JEFFERSON COUNTY, Colo. -- A graduate of Columbine High School is using his art skills to honor Dave Sanders, the teacher who died while saving the lives of many students on April 20, 1999.
Jared Gates is fashioning roses and columbines out of sheet metal and is donating some of the proceeds to a fund to pay for new signs proclaiming a stretch of C-470 as the “Dave Sanders Memorial Highway.”
State lawmakers unanimously approved the resolution last month, with the stipulation that signs be paid for with private donations.
When Gates noticed that donations were lagging, he decided to create some special flowers to help jump start the campaign.
“(Dave Sanders) certainly deserves that honor,” Gates said, “He gave his life for my classmates.”
The artist said he learned his skills in Patty Nielsen's class.
"She was my teacher," he said. "I learned how to forge and shape sheet metal in that class."
Gates told Denver7 that he starts out with a flat piece of metal which he cuts, sands and polishes, then bends into shape with a bunch of different tools.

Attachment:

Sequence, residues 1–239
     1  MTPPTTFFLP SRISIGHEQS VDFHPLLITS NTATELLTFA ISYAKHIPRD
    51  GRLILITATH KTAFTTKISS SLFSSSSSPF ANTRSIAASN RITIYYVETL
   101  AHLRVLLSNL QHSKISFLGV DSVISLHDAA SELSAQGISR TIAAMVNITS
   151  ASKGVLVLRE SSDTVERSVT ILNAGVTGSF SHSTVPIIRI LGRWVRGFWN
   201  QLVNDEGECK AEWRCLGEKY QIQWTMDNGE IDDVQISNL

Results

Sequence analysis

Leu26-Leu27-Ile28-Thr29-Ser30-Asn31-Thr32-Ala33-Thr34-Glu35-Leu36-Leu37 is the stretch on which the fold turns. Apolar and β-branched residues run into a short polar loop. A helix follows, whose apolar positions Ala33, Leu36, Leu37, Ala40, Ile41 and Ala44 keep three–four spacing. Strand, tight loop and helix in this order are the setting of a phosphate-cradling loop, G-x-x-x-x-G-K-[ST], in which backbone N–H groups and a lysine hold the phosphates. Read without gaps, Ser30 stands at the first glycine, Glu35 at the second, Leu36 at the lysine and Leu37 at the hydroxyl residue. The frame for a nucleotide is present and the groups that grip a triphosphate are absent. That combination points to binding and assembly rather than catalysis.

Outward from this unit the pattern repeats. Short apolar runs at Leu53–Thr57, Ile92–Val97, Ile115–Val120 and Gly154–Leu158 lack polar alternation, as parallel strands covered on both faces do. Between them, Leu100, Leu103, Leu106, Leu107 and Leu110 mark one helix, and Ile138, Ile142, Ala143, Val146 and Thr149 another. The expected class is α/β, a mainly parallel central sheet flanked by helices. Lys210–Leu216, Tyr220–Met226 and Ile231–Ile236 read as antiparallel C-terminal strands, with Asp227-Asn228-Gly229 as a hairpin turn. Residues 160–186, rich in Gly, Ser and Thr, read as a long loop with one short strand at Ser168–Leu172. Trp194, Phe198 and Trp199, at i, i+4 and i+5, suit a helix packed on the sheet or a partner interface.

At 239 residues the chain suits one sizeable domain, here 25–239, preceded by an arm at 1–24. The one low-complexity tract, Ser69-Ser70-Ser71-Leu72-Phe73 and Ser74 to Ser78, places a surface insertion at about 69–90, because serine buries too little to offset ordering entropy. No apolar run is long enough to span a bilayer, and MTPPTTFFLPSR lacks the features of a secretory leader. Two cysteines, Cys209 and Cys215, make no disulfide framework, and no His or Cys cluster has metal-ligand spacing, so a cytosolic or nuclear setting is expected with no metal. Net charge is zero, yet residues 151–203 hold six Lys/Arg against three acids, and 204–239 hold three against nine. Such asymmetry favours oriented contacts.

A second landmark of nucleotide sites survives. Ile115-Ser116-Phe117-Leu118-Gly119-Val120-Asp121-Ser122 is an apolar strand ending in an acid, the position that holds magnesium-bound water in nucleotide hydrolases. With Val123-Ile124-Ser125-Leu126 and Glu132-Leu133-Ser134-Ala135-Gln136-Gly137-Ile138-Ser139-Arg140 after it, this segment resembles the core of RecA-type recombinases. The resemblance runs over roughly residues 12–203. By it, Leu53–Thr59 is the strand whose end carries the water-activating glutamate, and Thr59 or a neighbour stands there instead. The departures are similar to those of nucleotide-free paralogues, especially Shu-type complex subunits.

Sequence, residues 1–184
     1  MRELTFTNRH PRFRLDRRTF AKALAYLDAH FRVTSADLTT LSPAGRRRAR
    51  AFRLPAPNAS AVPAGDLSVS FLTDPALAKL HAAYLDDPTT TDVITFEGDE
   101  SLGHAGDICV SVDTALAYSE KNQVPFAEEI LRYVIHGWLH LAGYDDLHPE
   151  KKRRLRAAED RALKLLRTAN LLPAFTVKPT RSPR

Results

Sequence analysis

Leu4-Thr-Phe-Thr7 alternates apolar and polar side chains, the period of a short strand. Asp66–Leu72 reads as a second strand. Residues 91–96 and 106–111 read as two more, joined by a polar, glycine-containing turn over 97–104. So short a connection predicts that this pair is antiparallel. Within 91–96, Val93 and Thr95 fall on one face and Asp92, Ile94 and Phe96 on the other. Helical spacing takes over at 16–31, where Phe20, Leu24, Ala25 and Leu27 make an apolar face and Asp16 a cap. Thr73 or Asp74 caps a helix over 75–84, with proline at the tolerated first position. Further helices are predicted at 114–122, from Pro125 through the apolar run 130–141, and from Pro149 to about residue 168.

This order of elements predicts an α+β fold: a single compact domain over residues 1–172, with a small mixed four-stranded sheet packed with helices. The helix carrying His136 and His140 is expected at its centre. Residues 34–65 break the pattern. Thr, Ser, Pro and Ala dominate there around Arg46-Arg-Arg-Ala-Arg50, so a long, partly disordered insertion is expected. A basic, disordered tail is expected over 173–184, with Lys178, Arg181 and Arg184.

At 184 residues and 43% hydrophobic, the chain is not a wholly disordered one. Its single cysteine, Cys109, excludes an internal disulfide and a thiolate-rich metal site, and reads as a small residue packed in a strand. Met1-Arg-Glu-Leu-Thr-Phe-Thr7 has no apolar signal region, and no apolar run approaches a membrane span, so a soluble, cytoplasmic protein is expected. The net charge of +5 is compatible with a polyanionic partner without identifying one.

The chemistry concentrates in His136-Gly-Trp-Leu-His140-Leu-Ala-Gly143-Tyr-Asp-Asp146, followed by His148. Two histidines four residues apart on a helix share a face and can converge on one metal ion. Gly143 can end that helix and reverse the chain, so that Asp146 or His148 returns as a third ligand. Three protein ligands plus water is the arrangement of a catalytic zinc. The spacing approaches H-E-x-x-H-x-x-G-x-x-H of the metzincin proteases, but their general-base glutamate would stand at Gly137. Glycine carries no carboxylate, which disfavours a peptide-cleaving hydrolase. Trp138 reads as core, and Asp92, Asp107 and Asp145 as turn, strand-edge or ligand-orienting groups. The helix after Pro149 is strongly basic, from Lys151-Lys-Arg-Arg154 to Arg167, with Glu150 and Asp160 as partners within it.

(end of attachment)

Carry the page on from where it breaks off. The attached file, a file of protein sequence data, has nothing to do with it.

He then welds the stamen together, then attaches them to a backing plate and welds that onto the top of the flower, and then welds them all together and attaches the stem.
Incredibly special flower
He said the columbine is an incredibly special flower.
“It’s a symbol of a lot of things,” he said.
Not only is it Colorado’s flower, it is also the symbol of Columbine High School.
“For me,” he said, “it's a symbol of faith, hope, love and a resolve to win.”
Gates said he decided to get involved in the highway renaming fund drive after seeing a comment from one of Sander’s daughters.
“She said that renaming the highway would be like the highway giving the Columbine community a big hug,” he said. “That touched me quite a bit.”
Memorial signs will be placed along the highway between Bowles Avenue and South Platte Canyon Road.
Gates said once the fund’s goals are met, he will donate proceeds from his flowers to the Columbine memorial itself.
“I don't think a lot of people realize there's a lot of upkeep that goes into this Memorial,” he said, “to keep it from falling apart, keep it clean, make repairs and snow removal.”
Sander’s daughter, Coni said what Gates is doing, warms her heart.
“That somebody who has a talent wanted to sit down and say, ‘I want to do something for him,’ 20 years after he died, just goes to show how important he was to everyone.”
Gates told Denver7 that he learned from Columbine that every moment in life is special and should be treasured.
Gate’s creations can be found on his website, wildsteelrose.com.